Elise Derricotte died on December 8, 1992, at the age of 94, leaving no will. Within two months the Phillips brothers, who were the sons of her first cousin, petitioned for probate in the Superior Court of the District of Columbia asking to be made the personal representatives of Ms. Derricotte's estate and claiming to be her only surviving heirs. The petition was granted, and letters of administration were granted to the Phillips brothers, who then filed Waivers of Filing Inventory and Accounts and distributed $526,534 of the estate's personal property to themselves. In August of 1993, three of Ms. Derricotte's creditors moved to set aside the distribution of the estate, claiming entitlement to payment for services they had previously rendered to the decedent. They also sought removal of the Phillips brothers as personal representatives, asserting that the brothers were not the rightful heirs because Ms. Derricotte had a first cousin, Ida Bryant, who was still alive. The court dismissed the creditors' suit insofar as it sought removal and a finding of true heirship, concluding that they lacked standing to bring these claims. A copy of their complaint, however, had been sent to Ida Brown Bryant, who thereby learned of the probate matter for the first time.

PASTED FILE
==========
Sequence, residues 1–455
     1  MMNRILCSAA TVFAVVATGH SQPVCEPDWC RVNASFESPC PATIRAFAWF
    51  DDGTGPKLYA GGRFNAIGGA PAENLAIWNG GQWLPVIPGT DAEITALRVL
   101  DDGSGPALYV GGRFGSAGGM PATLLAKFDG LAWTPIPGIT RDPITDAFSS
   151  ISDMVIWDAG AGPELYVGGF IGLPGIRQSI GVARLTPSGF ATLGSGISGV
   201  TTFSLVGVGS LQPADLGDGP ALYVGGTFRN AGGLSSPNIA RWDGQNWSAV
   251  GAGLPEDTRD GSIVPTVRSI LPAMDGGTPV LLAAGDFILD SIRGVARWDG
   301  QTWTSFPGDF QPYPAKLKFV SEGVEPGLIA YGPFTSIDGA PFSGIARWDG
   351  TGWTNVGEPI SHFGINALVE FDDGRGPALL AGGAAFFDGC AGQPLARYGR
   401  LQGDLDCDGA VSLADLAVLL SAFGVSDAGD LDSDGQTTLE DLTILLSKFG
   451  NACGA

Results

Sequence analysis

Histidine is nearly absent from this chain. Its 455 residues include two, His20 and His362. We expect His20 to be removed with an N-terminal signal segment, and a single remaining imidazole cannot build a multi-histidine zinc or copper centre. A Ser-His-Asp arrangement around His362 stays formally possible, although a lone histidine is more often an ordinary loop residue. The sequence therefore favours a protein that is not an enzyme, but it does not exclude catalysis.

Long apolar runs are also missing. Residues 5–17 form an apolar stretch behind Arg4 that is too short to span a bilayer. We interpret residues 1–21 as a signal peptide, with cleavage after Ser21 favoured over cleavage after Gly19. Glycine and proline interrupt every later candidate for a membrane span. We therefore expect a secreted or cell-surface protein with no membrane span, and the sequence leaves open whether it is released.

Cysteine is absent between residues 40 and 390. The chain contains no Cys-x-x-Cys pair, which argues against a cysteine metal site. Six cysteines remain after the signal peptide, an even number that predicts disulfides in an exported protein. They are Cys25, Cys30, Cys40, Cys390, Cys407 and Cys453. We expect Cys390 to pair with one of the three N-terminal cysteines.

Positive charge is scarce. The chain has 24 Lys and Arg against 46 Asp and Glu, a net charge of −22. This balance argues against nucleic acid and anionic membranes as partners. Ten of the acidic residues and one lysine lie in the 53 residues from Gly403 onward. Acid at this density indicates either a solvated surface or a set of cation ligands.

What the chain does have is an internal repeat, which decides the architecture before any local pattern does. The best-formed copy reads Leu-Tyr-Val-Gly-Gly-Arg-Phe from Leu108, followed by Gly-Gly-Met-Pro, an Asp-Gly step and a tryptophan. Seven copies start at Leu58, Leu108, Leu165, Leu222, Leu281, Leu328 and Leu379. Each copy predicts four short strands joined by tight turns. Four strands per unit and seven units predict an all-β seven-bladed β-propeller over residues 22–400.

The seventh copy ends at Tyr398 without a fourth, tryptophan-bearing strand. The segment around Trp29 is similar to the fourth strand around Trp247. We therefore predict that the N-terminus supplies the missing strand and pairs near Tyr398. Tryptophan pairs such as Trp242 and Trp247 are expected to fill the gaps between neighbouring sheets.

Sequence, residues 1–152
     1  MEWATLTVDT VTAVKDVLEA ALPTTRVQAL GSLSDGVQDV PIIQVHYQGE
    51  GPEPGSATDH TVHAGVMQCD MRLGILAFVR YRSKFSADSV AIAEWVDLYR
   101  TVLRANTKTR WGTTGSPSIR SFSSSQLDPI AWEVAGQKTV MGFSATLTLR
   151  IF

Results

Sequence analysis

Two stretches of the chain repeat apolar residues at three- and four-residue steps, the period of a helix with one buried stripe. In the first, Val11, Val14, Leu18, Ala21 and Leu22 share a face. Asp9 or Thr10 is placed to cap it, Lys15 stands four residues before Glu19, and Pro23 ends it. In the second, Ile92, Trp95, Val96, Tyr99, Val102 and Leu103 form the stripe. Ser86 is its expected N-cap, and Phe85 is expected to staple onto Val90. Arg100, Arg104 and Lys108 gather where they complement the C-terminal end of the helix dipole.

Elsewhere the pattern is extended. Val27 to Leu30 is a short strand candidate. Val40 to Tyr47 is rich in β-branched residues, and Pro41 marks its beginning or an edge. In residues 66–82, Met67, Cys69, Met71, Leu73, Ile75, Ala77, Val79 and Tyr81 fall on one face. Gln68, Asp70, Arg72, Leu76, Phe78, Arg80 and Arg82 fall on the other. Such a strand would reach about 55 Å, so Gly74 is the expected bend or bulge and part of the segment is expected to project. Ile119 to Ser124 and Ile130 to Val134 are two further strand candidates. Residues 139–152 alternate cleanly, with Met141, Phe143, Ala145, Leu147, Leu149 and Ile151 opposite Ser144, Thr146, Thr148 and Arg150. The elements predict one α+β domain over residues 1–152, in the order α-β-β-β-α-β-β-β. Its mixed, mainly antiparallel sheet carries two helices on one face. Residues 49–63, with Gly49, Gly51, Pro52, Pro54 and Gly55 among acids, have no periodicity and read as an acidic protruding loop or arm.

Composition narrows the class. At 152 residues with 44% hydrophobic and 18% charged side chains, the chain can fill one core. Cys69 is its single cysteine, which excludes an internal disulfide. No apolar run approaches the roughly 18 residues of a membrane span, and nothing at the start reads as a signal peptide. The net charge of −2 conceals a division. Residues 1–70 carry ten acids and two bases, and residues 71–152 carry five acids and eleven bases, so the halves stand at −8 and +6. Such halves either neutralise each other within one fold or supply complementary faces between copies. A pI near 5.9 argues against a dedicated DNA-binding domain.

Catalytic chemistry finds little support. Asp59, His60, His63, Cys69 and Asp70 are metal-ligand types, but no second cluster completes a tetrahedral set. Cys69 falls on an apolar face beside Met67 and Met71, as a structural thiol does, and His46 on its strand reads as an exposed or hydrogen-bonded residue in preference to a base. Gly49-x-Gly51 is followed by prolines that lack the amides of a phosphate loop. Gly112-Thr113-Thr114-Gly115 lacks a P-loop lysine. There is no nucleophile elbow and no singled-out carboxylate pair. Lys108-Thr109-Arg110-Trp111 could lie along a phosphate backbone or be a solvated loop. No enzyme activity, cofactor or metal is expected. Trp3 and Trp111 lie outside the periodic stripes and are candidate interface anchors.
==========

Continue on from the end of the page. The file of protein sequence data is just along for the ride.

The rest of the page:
The Phillips brothers' probate petition did not mention Ms. Bryant as a possible heir even though (as evidence later proved) they had grown up believing her to be their aunt and Ms. Derricotte's first cousin. Ida Brown Bryant is a mentally incompetent elderly woman who is a ward of the state of Maryland residing at Crownsville Hospital Center - a fact known to appellant Gilbert Phillips since it was he who admitted her to the hospital. After learning of the probate proceeding from the creditors' complaint, Ms. Bryant's guardian at the Maryland Department of Aging filed an amended answer and cross-claim seeking removal of the Phillips brothers as personal representatives and a declaration that Ida Brown Bryant was the rightful heir to the Derricotte estate. The Phillips brothers moved to dismiss on the ground that the cross-claim was barred by the statute of limitations. The Superior Court directed their removal as personal representatives and appointed a replacement. The court then conducted successive bench trials on (a) whether Ms. Derricotte had been a District of Columbia domiciliary at the time of her death rather than (as the Phillips brothers maintained) a domiciliary of Maryland, *fn1 and (b) whether Ms. Bryant was Ms. Derricotte's first cousin. The trial court found that Ms. Derricotte had been domiciled in the District at the time of her death, and that Ms. Brown was the only surviving first cousin and thus the sole heir of the decedent.